For Immediate Release
November 10, 2015
The U.S. Food and Drug Administration today approved Cotellic (cobimetinib) to be used in combination with vemurafenib to treat advanced melanoma that has spread to other parts of the body or can’t be removed by surgery, and that has a certain type of abnormal gene (BRAF V600E or V600K mutation).
Melanoma is the most aggressive and dangerous form of skin cancer in the United States. It forms in the skin cells that develop the skin’s pigment and if not diagnosed early, the cancer is likely to spread to other parts of the body. The National Cancer Institute estimates that 73,870 Americans will be diagnosed with melanoma and 9,940 will die from the disease this year.
“As we continue to advance our knowledge of tumor biology, we have learned that cancer cells have a remarkable ability to adapt and become resistant to targeted therapies. Combining two or more treatments addressing different cancer-causing targets may help to address this challenge,” said Richard Pazdur, M.D., director of the Office of Hematology and Oncology Products in the FDA’s Center for Drug Evaluation and Research. “Today’s approval provides a new targeted treatment that, when added to vemurafenib, demonstrates greater benefit than vemurafenib alone in patients with BRAF mutation-positive melanoma.”
Cotellic works by blocking the activity of an enzyme known as MEK, which is part of a larger signaling pathway. Abnormal activity of signaling pathways can lead to cancer. Cotellic prevents or slows cancer cell growth. Vemurafenib, marketed in the U.S. as Zelboraf, is a BRAF inhibitor that affects a different part of the same pathway and was approved in 2011 to treat patients with melanoma that has spread to other parts of the body or cannot be removed by surgery, whose tumors express a gene mutation called BRAF V600E, as detected by an FDA approved test. Health care providers should confirm the presence of BRAF V600 E or V600K mutation in their patients’ tumor specimens using one of the available FDA approved tests prior to starting treatment with Cotellic in combination with vemurafenib.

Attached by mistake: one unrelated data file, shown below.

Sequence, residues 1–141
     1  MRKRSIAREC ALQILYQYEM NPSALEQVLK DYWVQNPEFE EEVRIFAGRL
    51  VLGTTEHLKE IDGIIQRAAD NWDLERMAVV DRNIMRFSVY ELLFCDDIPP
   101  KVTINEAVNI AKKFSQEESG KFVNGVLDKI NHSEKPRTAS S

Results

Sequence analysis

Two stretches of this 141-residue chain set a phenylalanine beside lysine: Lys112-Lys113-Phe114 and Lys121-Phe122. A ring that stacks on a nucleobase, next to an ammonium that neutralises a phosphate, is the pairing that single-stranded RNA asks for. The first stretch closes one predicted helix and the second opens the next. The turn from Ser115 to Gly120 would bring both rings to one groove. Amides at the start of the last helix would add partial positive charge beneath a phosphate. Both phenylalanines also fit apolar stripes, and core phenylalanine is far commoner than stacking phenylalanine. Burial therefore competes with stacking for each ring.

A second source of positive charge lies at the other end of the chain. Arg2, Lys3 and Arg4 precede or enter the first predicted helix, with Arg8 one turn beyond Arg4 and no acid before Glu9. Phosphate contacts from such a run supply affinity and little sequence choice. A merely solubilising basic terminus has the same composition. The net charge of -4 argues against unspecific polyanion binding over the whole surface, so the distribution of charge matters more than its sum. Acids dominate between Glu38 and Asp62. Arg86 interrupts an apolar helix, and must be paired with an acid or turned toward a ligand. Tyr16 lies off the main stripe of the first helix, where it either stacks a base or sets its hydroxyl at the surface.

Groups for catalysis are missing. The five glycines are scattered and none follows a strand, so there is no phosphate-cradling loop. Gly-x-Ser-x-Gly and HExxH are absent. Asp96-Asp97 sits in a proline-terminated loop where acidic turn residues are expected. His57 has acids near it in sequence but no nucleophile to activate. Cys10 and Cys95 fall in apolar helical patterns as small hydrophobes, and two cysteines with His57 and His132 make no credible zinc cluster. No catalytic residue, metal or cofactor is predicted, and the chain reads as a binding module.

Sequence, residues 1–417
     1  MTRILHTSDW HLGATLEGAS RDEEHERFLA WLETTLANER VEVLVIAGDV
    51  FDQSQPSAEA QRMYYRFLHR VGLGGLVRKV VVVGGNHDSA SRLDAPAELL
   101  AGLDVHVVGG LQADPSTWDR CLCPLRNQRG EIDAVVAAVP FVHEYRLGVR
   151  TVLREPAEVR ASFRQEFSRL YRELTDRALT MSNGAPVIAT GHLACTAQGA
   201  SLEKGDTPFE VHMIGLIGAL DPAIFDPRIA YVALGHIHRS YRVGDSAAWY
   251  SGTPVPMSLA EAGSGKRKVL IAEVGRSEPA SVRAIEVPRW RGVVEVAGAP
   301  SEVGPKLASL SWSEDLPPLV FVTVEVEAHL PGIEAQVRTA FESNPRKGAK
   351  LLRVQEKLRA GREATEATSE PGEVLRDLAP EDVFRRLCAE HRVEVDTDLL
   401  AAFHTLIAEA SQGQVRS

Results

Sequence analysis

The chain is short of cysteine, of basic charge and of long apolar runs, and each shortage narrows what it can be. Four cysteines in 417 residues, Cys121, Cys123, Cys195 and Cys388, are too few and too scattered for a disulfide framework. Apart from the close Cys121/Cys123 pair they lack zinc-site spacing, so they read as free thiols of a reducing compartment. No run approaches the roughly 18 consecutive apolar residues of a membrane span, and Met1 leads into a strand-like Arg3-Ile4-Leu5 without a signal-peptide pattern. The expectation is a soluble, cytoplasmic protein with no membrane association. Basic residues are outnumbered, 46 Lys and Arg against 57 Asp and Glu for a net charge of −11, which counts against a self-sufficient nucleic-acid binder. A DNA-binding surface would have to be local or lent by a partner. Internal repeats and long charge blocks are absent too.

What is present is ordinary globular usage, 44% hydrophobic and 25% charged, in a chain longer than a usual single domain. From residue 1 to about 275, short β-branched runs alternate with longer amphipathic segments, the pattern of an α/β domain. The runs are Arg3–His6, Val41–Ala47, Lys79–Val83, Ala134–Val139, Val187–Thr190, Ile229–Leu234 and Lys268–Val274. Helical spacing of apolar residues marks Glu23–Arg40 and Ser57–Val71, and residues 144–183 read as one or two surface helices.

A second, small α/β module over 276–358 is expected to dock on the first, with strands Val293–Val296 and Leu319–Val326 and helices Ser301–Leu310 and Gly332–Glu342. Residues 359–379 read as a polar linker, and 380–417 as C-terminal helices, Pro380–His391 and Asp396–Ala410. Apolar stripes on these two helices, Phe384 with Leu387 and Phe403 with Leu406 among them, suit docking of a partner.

The safety and efficacy of Cotellic taken in combination with vemurafenib were demonstrated in a randomized clinical study of 495 patients with previously untreated, BRAF V600 mutation-positive melanoma that is advanced or cannot be removed by surgery. All study participants received vemurafenib and were then randomly selected to also take either Cotellic or a placebo. On average, patients taking Cotellic plus vemurafenib experienced a delay in the amount of time it took for their disease to worsen (approximately 12.3 months after starting treatment) compared to approximately 7.2 months after starting treatment for those taking vemurafenib only. In addition, patients taking Cotellic plus vemurafenib lived longer, with approximately 65 percent of patients alive 17 months after starting treatment as compared to half of those taking vemurafenib only. Additionally, 70 percent of those taking Cotellic plus vemurafenib experienced complete or partial shrinkage of their tumors, compared to 50 percent among those taking vemurafenib plus placebo.
The most common side effects of treatment with Cotellic in combination with vemurafenib are diarrhea, sensitivity to ultraviolet (UV) light (photosensitivity reaction), nausea, fever (pyrexia) and vomiting.
Cotellic may cause severe side effects including damage to the heart muscle (cardiomyopathy) or to other muscles (rhabdomyolysis), new skin tumors (primary cutaneous malignancies), eye disease (retinal detachment), severe skin rash, liver damage (hepatotoxicity), hemorrhage and severe skin rash due to increased sensitivity to sunlight (photosensitivity). People taking Cotellic should avoid sun exposure, wear protective clothing, and a broad spectrum ultraviolet A/ultraviolet B sunscreen to protect against sunburn. Women taking Cotellic should use effective contraception, as the medication can cause harm to a developing fetus.
Cotellic was reviewed under the FDA’s priority review program that provides for an expedited six-month review of drugs that, at the time the application was submitted, have the potential to be a significant improvement in safety or effectiveness in the treatment of a serious condition. Cotellic also received orphan drug designation, which provides incentives such as tax credits, user fee waivers and eligibility for orphan drug exclusivity to assist and encourage the development of drugs for rare diseases.
Cotellic and Zelboraf are both marketed by Genentech of San Francisco, California.
The FDA, an agency within the U.S. Department of Health and Human Services, promotes and protects the public health by, among other things, assuring the safety, effectiveness, and security of human and veterinary drugs, vaccines and other biological products for human use, and medical devices. The agency also is responsible for the safety and security of our nation’s food supply, cosmetics, dietary supplements, products that give off electronic radiation, and for regulating tobacco products.